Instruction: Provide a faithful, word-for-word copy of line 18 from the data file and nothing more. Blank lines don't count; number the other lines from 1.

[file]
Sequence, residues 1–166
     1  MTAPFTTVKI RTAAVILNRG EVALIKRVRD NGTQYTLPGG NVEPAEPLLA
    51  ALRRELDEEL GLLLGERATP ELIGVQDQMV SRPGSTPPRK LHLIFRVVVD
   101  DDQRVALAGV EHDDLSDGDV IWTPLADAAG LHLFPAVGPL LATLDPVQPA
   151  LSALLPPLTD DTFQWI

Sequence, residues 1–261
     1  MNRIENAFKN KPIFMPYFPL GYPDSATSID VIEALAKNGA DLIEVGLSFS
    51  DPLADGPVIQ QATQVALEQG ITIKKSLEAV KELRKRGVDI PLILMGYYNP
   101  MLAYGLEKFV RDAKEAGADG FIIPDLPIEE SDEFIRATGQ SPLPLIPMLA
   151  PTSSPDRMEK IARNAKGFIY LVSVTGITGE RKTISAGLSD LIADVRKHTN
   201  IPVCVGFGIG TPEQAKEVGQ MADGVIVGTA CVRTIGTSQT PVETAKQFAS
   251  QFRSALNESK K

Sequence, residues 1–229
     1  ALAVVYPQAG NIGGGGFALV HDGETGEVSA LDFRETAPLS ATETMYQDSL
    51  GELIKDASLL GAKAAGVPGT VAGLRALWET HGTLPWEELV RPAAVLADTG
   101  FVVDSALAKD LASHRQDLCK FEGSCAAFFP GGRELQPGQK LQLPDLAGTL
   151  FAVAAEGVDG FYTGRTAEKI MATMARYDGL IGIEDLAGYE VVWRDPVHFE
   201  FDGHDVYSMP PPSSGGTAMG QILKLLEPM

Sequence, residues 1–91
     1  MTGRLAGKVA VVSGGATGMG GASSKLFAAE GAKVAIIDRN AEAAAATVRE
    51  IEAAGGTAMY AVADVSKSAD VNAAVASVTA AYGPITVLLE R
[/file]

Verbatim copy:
   201  FDGHDVYSMP PPSSGGTAMG QILKLLEPM